Conferences and symposiums Stockholm Proteostasis Network

05-09-2022 9:00 am - 4:00 pm Add to iCal
Other Stockholm University, Vivi Täckholmsalen, Svante Arrhenius väg 20A

Mini-symposium jointly organized by Karolinska Institutet, Stockholm University and KTH Royal Institute of Technology.

Advanced studies of the proteostasis system

Monday, Sep 5th 9:00-16:00

Proteostasis research studies the integrated events and mechanisms of the proteostasis system that maintain the cellular and organismal proteomes functional. This includes protein biogenesis, protein folding, quality control, stress responses, protein aggregates and proteolytic systems (ubiquitin-proteasome system and autophagy). Failure of these mechanisms are associated with decreased organismal fitness and disease. The proteostasis field is of central importance for biological and biomedical research. This course aims at providing an up-to-date overview of ongoing contemporary research on the proteostasis system, focusing on the key research questions and approaches that currently are undertaken.

Keynote speaker: Prof. Markus Tamas, University of Gothenburg

Symposium venue: Stockholm University, Vivi Täckholmsalen, Svante Arrhenius väg 20A, 114 18 Stockholm


9.00 – 9.10       Welcome by Maria Gierisch and Joydeep Roy (organizing committee)

9.10 – 9.50       Keynote lecture 

Prof. Markus J. Tamás, Department of Chemistry & Molecular Biology, University of Gothenburg

Proteostasis and protein quality control during heavy metal stress

While the toxicity of metals and metalloids, like arsenic, cadmium, mercury, lead and chromium, is undisputed, the underlying molecular mechanisms are not entirely clear. Consensus holds that proteins are the prime targets; heavy metals interfere with the physiological activity of specific, particularly susceptible proteins, either by forming a complex with functional side chain groups or by displacing essential metal ions in metalloproteins. Recent studies have revealed an additional mode of metal action targeted at proteins in a non-native state; certain heavy metals and metalloids including cadmium and arsenic have been found to inhibit the in vitro refolding of chemically denatured proteins, to interfere with protein folding in vivo, and to cause misfolding and aggregation of nascent proteins in living cells. Thus, by interfering with the folding process, heavy metal ions and metalloids profoundly affect protein homeostasis and cell viability. My talk will highlight our work on how arsenic and cadmium interfere with protein folding and trigger widespread protein aggregation in living cells. I will also describe mechanisms by which cells regulate quality control systems to protect from heavy metal/metalloid toxicity.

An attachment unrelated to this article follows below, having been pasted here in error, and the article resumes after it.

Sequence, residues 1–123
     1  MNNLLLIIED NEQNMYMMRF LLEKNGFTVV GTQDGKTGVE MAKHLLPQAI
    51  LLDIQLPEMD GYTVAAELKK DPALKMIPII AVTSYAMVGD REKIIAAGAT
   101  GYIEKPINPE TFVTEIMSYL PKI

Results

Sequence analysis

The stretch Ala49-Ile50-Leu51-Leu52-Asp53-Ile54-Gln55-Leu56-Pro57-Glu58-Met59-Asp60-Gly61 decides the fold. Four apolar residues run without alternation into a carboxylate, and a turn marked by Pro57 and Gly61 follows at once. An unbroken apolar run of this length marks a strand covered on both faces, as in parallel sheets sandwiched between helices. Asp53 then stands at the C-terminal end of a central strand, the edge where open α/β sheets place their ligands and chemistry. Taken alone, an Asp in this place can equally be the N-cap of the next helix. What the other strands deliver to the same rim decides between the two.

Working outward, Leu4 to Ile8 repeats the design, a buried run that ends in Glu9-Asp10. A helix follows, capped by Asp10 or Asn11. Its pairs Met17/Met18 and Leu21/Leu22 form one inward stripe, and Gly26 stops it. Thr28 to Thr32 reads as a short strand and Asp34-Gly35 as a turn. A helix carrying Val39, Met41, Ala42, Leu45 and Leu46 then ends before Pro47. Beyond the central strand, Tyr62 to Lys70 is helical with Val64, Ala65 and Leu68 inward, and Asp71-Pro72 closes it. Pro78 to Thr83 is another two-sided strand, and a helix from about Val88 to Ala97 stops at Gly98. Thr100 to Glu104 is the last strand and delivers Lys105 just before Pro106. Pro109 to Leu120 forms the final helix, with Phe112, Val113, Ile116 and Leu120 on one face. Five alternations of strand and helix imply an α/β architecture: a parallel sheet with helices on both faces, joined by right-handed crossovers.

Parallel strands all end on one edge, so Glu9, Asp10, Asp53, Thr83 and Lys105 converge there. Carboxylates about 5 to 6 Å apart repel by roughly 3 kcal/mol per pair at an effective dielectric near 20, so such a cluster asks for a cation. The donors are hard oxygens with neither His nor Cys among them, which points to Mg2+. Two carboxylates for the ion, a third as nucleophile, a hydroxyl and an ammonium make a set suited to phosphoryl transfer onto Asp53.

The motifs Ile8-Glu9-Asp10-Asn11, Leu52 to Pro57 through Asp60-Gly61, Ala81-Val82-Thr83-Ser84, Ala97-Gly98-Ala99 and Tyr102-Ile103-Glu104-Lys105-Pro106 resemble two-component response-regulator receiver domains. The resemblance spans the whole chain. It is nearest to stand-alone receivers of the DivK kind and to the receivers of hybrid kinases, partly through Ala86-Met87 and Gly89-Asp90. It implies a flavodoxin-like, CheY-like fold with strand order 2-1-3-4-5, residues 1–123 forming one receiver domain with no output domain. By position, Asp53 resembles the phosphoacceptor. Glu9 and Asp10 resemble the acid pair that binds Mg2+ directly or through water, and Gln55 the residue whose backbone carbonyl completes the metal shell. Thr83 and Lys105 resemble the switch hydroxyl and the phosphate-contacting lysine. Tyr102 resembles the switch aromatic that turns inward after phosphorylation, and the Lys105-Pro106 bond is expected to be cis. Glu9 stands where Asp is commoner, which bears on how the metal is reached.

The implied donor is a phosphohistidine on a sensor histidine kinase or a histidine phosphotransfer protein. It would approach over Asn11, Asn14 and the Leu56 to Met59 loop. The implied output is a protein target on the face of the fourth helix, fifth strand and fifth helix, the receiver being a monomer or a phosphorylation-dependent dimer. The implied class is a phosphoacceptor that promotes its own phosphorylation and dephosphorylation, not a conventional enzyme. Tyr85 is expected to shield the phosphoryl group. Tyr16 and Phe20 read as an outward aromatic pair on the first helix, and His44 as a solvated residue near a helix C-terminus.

Session 1

9.50 - 10.10            Axel Leppert KI

“Self-assembly of NPM1 regulates the chaperone activity of the nucleolus”

10.10 - 10.30          Makoto Shimozawa KI

“A link between autophagy impairment and synaptic dysfunction in hippocampus of App knock-in Alzheimer mouse models”

10.30-11.00            Morning fika break

Session 2

11.00 - 11.20          Deike Omnus  SU

“A novel heat shock protein activates the Lon protease at the onset of proteotoxic stress”

11.20 - 11.40          Shady Kamal KI

“FtsH protease confers fitness advantages to the worldwide prevalent Pseudomonas aeruginosa clone C”

11.40 - 12.00          Jiangnan Liu KI

“Remodeling of the ribosomal quality control and protein translation by a viral ubiquitin deconjugase”

12.00 - 13.00          Lunch                               

Session 3

13.00 - 13.20          Justin Westerfield SU

“Co-translational folding of the voltage-gated potassium channel, KvAP”

13.20 - 13.40          Samu Himanen Åbo Akademi

“HSFs drive distinct transcription programs upon oxidative stress and heat shock”

13.40 - 14.00          Jianing Liu KI

“The role of the chain-specific deubiquitinase in intestinal homeostasis and colorectal cancer”

14.00-14.20            Afternoon fika break

Session 4

14.20-14.40            Laurène Adam KI

To be announced

14.40-15.00            Xuexin Li KI

“A chemical screen to identify novel drugs for the treatment of Huntington’s disease"

15.00-15.20            Aljona Maljukova KI

 “Wee1 kinase inhibition reveals drug targetable vulnerabilities in acute B-lymphoblastic leukemia”

15.20-15.40            Nicholas Valerie KI

“Coupling drug-target engagement to downstream biology with CeTEAM”

15.40-16.00      Concluding remarks by Nico Dantuma and Claes Andréasson


The mini-symposium is listed as a course at Stockholm University. Credits can be obtained (0.5 credits for active participation, 1.5 credits for active participation and scientific presentation).


Maria Gierisch Postdoctoral researcher